These readings talk ultimately of peace, of the rule of justice. What does that mean in practice? It might realistically mean fighting power with power and removing the oppressors. This is what the people wanted – and expected. Jesus, though, talks of repentance; he fights oppressive power with the power of poverty, vulnerability, forgiveness, love and, ultimately, sacrifice. For a people who were so oppressed, this does not seem to make sense. We know that according to the expectations of his time, Jesus failed. Horribly. But it is not until we see the whole story that we understand that Jesus was laying the foundations not for a socio-political revolution, but a completely different project of transformation: bringing about the Kingdom of God, which was (is) not exclusive or restrictive, it is universal. This was the good news for the poor and the occupied; but it was good news for the rich and the occupiers, too, and it is the message for us today. As Hugo Echegaray puts it, ‘Universal justice and love reveal the Father, and represent a rejection of every ideology and way of life that condone oppression.’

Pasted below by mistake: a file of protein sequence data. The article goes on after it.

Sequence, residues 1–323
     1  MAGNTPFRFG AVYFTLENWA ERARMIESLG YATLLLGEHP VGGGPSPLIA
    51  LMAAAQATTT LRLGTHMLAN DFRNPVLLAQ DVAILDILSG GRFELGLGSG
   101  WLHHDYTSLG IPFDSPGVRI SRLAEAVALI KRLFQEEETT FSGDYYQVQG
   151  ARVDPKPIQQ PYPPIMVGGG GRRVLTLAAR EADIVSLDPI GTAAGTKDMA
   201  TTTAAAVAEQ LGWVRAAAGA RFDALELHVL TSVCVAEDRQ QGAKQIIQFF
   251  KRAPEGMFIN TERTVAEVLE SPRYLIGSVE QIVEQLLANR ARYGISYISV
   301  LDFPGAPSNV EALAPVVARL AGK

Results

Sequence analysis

But why come preaching peace in that particular situation? Perhaps because it is the most difficult context in which to deliver this message of universal love. Occupation is the opposite of this love: it entails a dismantling of human relationships and the separation of people. Society is fixed into strata: the occupier and the occupied. Any attempt to overcome this using physical force only hardens those strata as the security rationale for occupation becomes embedded.